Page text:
Join 3,496 readers in helping fund MetaFilter (Hide)


Make the Metafilter you wanna make!
January 25, 2007 5:53 AM   Subscribe

Mozilla Bug 97284: Allow page to make arbitrary elements user-editable in browser (contentEditable attribute) With a wee pinch of javascript that you paste into your address bar, you can edit this -- or any -- page:
javascript:document.body.contentEditable='true'; document.designMode='on'; void 0

Make the Metafilter you always wanted by flipping your browser into design mode with document.body.contentEditable='true' or document.designMode='on'.
posted by ph00dz (29 comments total)

 
Pure wankery: you're only editing a copy of content as it exists in your browser's memory. From the way this is described, it sounds as if you could modify it on the server, for all to see.
posted by reality at 5:58 AM on January 25, 2007


What's wrong with just using View Source, then editing the code in your favourite textpad?
posted by UbuRoivas at 6:05 AM on January 25, 2007


Oh! jactitation
posted by tellurian at 6:13 AM on January 25, 2007


See also Firebug.
posted by jacobm at 6:26 AM on January 25, 2007


* edits tellurian's comment to make him seem less erudite.

(heh heh - tellurian wrote "boobies")
posted by UbuRoivas at 6:27 AM on January 25, 2007


That's not a bug, that's...well, you know.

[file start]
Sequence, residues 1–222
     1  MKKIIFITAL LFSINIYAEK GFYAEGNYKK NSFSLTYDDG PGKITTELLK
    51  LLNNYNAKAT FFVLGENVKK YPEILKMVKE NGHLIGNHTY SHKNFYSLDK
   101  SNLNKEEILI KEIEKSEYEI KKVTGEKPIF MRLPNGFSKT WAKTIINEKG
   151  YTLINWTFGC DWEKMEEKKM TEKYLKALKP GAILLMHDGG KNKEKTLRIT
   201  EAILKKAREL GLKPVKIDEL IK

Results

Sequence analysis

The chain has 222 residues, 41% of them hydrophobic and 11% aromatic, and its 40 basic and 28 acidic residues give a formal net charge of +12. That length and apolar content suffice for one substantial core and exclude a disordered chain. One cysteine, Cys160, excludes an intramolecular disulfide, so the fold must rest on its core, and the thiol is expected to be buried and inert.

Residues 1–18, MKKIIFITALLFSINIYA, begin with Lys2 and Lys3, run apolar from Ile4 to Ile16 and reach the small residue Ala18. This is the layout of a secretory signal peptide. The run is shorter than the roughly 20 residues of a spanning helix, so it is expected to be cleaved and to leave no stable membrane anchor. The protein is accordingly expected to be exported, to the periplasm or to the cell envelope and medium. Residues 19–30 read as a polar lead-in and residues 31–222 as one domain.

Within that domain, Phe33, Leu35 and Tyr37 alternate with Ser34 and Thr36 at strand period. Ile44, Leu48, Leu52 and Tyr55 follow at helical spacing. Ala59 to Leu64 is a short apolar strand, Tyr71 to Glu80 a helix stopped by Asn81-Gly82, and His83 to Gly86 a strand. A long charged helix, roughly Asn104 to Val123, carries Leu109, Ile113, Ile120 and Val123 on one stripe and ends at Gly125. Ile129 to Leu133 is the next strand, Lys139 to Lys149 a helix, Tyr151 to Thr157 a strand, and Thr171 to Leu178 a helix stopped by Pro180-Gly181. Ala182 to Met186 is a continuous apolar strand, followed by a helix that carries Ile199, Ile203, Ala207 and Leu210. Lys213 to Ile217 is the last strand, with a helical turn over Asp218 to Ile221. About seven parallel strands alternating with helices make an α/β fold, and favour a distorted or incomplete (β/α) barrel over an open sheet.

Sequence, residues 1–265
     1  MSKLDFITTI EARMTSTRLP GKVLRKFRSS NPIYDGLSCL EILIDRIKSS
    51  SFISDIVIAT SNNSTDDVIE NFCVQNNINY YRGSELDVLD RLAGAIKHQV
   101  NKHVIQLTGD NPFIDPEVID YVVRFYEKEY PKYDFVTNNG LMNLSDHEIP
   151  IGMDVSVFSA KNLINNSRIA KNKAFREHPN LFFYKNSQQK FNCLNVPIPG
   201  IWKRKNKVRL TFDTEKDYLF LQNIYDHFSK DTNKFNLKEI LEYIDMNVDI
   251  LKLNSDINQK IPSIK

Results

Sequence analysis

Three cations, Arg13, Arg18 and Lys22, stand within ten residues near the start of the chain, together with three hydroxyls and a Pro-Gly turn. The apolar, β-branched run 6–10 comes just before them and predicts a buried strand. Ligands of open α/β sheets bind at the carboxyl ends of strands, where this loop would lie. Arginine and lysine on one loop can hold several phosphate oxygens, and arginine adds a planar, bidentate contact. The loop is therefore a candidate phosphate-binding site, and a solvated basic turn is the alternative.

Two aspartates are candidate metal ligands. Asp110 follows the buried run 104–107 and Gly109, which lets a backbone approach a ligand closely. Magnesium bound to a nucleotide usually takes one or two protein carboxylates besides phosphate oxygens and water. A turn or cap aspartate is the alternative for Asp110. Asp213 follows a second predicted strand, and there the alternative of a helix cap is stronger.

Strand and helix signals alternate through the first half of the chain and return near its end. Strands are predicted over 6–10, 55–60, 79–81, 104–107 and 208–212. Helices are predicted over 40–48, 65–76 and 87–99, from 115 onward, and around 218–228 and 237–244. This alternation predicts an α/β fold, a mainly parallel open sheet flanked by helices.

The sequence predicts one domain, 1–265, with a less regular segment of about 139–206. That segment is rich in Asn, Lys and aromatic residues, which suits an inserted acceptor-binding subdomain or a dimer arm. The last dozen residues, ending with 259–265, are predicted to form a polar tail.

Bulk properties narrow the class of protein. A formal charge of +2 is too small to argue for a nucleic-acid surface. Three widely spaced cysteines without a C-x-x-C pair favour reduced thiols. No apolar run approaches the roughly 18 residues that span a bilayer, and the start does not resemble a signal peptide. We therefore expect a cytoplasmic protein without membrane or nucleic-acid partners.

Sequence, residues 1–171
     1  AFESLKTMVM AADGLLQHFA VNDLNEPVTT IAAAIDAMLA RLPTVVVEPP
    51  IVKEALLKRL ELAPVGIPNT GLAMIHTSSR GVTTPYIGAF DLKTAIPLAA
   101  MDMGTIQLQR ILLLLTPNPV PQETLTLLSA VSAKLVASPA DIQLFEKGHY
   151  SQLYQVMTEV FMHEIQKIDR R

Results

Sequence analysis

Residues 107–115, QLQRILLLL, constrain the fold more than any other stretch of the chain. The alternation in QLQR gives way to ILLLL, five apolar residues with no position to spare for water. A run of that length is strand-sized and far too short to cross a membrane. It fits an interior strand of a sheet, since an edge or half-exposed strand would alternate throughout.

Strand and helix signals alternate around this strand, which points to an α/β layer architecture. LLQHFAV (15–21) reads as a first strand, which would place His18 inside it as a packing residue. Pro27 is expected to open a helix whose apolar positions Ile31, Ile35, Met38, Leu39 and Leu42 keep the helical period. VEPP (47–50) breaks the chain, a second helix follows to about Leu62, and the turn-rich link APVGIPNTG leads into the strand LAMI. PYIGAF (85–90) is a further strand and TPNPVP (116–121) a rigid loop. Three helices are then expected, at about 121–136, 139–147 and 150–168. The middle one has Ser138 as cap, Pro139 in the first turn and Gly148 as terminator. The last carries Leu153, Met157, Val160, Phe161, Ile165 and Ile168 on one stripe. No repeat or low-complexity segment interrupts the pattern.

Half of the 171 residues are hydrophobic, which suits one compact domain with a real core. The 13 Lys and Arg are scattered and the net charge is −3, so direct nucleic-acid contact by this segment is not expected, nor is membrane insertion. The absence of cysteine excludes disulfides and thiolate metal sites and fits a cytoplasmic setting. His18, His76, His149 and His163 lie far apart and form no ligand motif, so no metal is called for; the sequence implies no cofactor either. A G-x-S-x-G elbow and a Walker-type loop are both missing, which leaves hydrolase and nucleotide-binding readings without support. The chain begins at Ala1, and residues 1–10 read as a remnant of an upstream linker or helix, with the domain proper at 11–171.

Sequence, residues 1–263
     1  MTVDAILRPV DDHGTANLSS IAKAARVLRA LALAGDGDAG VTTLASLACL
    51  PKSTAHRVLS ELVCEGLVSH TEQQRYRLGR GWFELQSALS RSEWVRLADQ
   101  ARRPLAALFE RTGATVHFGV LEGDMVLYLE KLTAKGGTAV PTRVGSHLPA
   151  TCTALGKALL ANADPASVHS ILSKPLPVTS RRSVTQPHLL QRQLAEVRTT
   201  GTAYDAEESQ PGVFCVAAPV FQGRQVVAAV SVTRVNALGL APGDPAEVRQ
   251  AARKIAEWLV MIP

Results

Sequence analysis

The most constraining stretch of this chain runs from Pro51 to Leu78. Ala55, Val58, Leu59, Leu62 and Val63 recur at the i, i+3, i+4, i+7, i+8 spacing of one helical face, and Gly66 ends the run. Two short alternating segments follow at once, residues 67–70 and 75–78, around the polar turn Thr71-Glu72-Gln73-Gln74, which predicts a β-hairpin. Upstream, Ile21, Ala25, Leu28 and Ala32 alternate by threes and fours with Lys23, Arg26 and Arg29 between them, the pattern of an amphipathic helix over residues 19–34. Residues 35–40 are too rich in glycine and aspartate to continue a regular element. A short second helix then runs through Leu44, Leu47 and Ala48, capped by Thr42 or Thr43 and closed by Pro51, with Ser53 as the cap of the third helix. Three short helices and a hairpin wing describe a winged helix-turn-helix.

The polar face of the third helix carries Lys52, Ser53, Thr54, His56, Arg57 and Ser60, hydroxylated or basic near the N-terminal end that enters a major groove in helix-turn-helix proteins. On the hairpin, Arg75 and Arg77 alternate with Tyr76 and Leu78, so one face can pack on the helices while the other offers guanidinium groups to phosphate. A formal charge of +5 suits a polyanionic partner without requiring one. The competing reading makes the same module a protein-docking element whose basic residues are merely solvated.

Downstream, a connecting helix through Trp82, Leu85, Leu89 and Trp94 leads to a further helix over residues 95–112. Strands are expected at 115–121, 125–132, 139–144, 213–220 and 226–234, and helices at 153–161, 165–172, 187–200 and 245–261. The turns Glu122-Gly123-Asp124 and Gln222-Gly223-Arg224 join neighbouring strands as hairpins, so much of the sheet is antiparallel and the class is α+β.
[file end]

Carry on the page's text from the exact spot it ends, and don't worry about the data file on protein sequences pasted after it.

posted by owenkun at 6:28 AM on January 25, 2007


No, straight up UbuRoivas, this is serious.
posted by tellurian at 6:31 AM on January 25, 2007


Are you okay with the contents of your body being editable?
posted by tellurian at 6:37 AM on January 25, 2007


Posting as: and hosted from Uranus (logout)
comment:

posted by and hosted from Uranus at 6:39 AM on January 25, 2007 [7 favorites]


With a wee pinch of javascript...you can edit this -- or any -- page

Opera 9 offers this out-of-the-box. View->Source, edit, "Apply Changes." </fanboy>
posted by Western Infidels at 6:51 AM on January 25, 2007 [1 favorite]


Can I make AskMe greener and make everyone go crazy?
posted by Terminal Verbosity at 7:11 AM on January 25, 2007 [2 favorites]


AskMe looks green to you?

you know what that means TermVerb don't you?

seek help now!!

posted by Skygazer at 7:30 AM on January 25, 2007


I'm going with "NOT A BUG".
posted by Artw at 7:38 AM on January 25, 2007


This was interesting when I first saw it in NN4 & IE5. Kinda old now.
posted by creeptick at 7:46 AM on January 25, 2007


i'm totally ok with the body of my content being edited.

crap. i've had tattoos and piercings for years.

tellurian: take a break from the internet.
posted by jcterminal at 7:51 AM on January 25, 2007


Heh.


posted by pmbuko at 7:56 AM on January 25, 2007


Oops. I mean, heh (img link).
posted by pmbuko at 7:57 AM on January 25, 2007 [1 favorite]


Oops. I mean, heh (img link).

Handy for mash-ups and spoofs. Nice.
posted by Blazecock Pileon at 8:31 AM on January 25, 2007


Heh.

Heh, indeed. I once made an elaborate "This just in: X misses Y" CNN FP spoof for my then-gf who was away on a long trip. Sappy, but fun.
posted by goodnewsfortheinsane at 8:35 AM on January 25, 2007


but what does jactitation mean?
posted by infini at 8:36 AM on January 25, 2007


My understanding is that every change is a bug in the Mozilla project - problems, enhancements, suggestions, everything. So just because it's in their bug tracking system doesn't mean it's actually a problem.
posted by revgeorge at 8:42 AM on January 25, 2007


Zarro Boogs Found.